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History of the Bahai Faith

Claudia Miclaus Aug 7, 2020
Centered in the city of Haifa, Israel, the Bahai religion claims to be a universal religion that incorporates all the others, thus revealing Islamic eschatology.
There is a present-day tendency towards religious universalism, towards a new religion that would generously and unconditionally incorporate all the faiths and beliefs in the world. These tendencies do not come only from the Extreme Orient, but also from the Islamic, Arab spiritual realm.
Apart from the Islamic aim to create a unique religious empire, there are some other movements from Indonesia to Morocco, that want to achieve worldwide domination through religion. Such a religious movement is the one called " Bahá'í " which is an expression Islamic eschatology.
It is about a "new religion" meant to constitute a global community without social classes, with a unique and universal language and leadership. The world center of this religious movement is in Haifa, Israel.
Bahá'í religion is a universal religion in which all the other religions have found their meaning and fulfillment.
In order to provide arguments in favor of their ideology, the movement's followers start from the premise that the life of the world would develop in stages, within different time frames or historical cycles of gigantic proportions. When a certain cycle ends, another one starts, and the previous one becomes obsolete.
Each revelation represents a synthesis and fulfillment of the previous revelations and it confirms the fact that humanity has reached maturity from all the viewpoints. In the opinion of the Bahá'í believers, this last cycle has started with Adam and it closes with Bahá'u'lláh universal revelation.
This represents the accomplishment of all the previous religious revelations but also the peak of all the evolutions, of the wise thoughts and salvation doctrines people had so far: Moses and Jesus, Mohamed and Buddha. All these "prophets" of the only God have revealed truths with eternal qualities, but the truths preached by each of them are only partial.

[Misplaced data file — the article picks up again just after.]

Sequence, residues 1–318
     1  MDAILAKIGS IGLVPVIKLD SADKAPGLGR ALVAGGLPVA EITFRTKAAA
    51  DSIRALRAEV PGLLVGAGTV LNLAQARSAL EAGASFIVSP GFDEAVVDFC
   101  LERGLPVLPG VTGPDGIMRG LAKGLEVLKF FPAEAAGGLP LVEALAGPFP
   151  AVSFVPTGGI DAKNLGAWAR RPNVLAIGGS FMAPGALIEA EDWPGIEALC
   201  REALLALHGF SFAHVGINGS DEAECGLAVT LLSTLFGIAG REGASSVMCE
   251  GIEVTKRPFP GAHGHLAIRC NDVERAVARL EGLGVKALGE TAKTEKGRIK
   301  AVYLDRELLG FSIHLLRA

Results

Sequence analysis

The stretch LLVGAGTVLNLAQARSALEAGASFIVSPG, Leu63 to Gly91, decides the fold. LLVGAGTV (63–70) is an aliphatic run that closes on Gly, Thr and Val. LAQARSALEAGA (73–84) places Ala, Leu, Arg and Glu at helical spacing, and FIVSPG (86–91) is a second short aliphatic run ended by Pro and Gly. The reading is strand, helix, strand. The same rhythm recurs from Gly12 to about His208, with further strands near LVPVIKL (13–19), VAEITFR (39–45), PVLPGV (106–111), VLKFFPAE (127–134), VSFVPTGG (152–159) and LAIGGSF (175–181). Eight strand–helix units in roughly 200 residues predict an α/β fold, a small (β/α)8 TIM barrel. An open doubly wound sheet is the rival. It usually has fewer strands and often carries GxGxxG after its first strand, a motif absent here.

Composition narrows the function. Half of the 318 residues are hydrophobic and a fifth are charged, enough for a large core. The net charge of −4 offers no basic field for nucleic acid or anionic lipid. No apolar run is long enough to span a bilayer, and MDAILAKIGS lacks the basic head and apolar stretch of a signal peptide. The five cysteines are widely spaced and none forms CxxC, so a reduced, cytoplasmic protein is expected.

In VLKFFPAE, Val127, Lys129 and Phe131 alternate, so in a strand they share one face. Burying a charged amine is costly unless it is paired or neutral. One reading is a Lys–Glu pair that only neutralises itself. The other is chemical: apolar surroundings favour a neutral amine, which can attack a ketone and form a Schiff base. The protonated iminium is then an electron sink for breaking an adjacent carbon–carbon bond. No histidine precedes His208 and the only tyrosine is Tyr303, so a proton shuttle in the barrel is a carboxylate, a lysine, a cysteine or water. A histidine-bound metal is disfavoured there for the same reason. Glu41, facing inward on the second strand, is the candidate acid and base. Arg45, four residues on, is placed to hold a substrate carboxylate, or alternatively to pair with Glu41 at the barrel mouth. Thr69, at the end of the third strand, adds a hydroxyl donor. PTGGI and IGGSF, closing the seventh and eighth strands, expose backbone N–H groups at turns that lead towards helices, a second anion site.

Bahá'u'lláh does not annihilate all these truths, but he incorporates them and sets them free from their temporal condition, makes them eternal. It is for this reason that Bahá'í believers claim their faith represents God's most pure and final revelation, the sum of all the faiths on this planet.
Bahá'u'lláh declared himself to be the "Promised One" of all the religions in the world. He claimed to have fulfilled all the world religions' messianic prophecies. According to the Bahai teachings, there is only one God. We absolutely cannot access God from our physical realm and because of that, his reality cannot be known.
Therefore all the conceptions of God developed throughout mankind's history are nothing but some manifestations of the human thinking and do not reflect the essence of God.
Thus, the Guardian of the Bahá'í faith by the name of Shoghi Effendi Rabbani clearly describes God as having the following attributes: personal, inaccessible, rational, omnipotent and omniscient. Effendi rejected therefore any such belief as pantheism, anthropomorphism or incarnationism.
God revealed Himself to mankind via some divine Messengers, with teachings that are meant to provide us with guidance and education and ensure the basics of our society's good development.
Among these Messengers, we can mention Moses, Abraham, Jesus, Buddha, Krishna, Zoroaster, and Muhammad. There is one and unique divine Source for all the Messengers' religions. Their teachings essentially are nothing but some successive chapters of only their own religion, which is coming from the One and the same God.
Bahá'u'lláh, the latest of these Messengers, brought new spiritual and social teachings for our time. His essential message is of unity. He taught the oneness of God, the oneness of the human family, and the oneness of religion.
God has created man in order for man to know and love God. And because all men are the creation of God, each one of them needs to love his neighbors, without any discrimination of gender, confession, race, nation, social class. There is only one God and one single human family, and this family should live in harmony and universal peace.
Starting from this idea, Bahá'í religion considers that it has the mission to structure a new world order based on these egalitarian principles. It is about the political, social, cultural relationships, about the contact with all the so-called "progressive" movements which mean to detach themselves from any conservative reflexes or dogmatic traditions.